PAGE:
About Kubeconfig

Kubernetes configuration file

Kubernetes uses a YAML file called kubeconfig to store cluster authentication information for kubectl. kubeconfig contains a list of contexts to which kubectl refers when running commands. By default, the file is saved at $HOME/.kube/config.

A context is a group of access parameters. Each context contains a Kubernetes cluster, a user, and a namespace. The current context is the cluster that is currently the default for kubectl: all kubectl commands run against that cluster.

After you create a cluster, follow Generate a kubeconfig entry to add the context of the cluster to your local kubeconfig.

Private endpoints

All clusters have a canonical endpoint. The endpoint exposes the Kubernetes API server that kubectl and other services use to communicate with your cluster control plane over TCP port 443. On Azure, this endpoint is a single private IP backed by an internal-facing load balancer— for example This endpoint is not accessible on the public internet. You can get the private cluster endpoint address from the endpoint field in the output of the gcloud container azure clusters describe command.

Connect gateway endpoint

By default, the gcloud container azure clusters get-credentials command generates a kubeconfig that uses Connect gateway. With this kubeconfig, kubectl uses Connect, which then securely forwards the traffic to the private endpoint on your behalf. When you use Connect gateway, the endpoint looks like https://connectgateway.googleapis.com/v1/projects/PROJECT_NUMBER/memberships/CLUSTER_NAME, where PROJECT_NUMBER is your project number and CLUSTER_NAME is your cluster name.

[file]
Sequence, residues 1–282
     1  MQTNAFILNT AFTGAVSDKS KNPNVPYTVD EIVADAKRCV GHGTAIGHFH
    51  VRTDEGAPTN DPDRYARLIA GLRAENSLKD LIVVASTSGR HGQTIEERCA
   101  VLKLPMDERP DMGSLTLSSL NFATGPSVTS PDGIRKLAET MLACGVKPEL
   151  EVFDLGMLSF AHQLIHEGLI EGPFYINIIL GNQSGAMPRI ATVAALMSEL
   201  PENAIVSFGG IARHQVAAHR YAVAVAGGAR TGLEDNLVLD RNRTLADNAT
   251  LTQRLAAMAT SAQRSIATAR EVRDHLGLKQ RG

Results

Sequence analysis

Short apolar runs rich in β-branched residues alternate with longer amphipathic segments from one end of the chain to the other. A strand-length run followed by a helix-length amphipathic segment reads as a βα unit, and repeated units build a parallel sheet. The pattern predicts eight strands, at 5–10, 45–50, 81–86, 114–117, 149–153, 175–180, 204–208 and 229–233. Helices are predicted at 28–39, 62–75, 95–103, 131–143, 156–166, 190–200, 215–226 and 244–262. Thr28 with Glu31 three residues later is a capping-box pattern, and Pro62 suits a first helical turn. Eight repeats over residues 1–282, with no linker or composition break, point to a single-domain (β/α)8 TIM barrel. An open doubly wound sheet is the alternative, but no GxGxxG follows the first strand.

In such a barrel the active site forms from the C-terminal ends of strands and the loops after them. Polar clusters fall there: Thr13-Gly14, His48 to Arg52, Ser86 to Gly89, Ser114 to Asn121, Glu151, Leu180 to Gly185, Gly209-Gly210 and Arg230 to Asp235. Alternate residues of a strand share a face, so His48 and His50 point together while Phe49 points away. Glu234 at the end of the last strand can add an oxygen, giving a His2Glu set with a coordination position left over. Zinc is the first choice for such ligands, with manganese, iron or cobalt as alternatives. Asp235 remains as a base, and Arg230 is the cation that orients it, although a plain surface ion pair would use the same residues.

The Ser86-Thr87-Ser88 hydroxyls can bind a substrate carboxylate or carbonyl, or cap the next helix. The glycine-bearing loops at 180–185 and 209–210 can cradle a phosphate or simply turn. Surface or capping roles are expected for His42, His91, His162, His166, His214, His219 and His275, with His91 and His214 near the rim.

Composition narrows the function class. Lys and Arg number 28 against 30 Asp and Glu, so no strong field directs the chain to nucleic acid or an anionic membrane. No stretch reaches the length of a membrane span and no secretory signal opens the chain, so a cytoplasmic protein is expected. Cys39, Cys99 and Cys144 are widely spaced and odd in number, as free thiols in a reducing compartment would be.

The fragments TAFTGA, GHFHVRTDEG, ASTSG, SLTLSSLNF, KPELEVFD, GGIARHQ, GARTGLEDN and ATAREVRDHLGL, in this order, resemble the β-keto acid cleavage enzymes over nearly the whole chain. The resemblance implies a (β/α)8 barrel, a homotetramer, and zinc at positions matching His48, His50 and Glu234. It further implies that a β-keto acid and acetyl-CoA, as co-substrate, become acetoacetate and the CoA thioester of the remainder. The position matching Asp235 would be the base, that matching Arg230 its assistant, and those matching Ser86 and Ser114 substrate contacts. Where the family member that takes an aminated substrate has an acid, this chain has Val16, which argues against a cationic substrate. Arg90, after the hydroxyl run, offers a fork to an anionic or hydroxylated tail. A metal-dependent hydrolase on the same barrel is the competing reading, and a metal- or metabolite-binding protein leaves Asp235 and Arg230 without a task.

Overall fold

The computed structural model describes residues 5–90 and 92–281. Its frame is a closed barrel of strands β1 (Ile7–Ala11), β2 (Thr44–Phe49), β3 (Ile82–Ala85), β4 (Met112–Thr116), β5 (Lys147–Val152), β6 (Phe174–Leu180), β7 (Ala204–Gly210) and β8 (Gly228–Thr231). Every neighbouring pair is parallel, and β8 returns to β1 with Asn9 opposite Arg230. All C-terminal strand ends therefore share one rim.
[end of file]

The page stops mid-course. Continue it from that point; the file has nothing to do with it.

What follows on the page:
If you have access to your cluster's private endpoint through your VNet, you can connect directly to the private endpoint. To generate a kubeconfig using the private endpoint, use the gcloud container azure clusters get-credentials --private-endpoint command.

About authentication for kubectl

All GKE on Azure are configured to accept Google Cloud user and service account identities, by validating the credentials presented by kubectl and retrieving the email address associated with the user or service account identity. As a result, the credentials for those accounts must include the userinfo.email OAuth scope in order to successfully authenticate.

When you use gcloud to set up your environment's kubeconfig for a new or existing cluster, gcloud gives kubectl the same credentials used by gcloud itself. For example, if you use gcloud auth login, your personal credentials are provided to kubectl, including the userinfo.email scope. This allows the GKE on Azure to authenticate the kubectl client.

Once users or Google Cloud service accounts are authenticated, they must also be authorized to perform any action on a GKE on Azure. The cluster admin is responsible for setting up the appropriate Role-Based Access Control to configure authorization.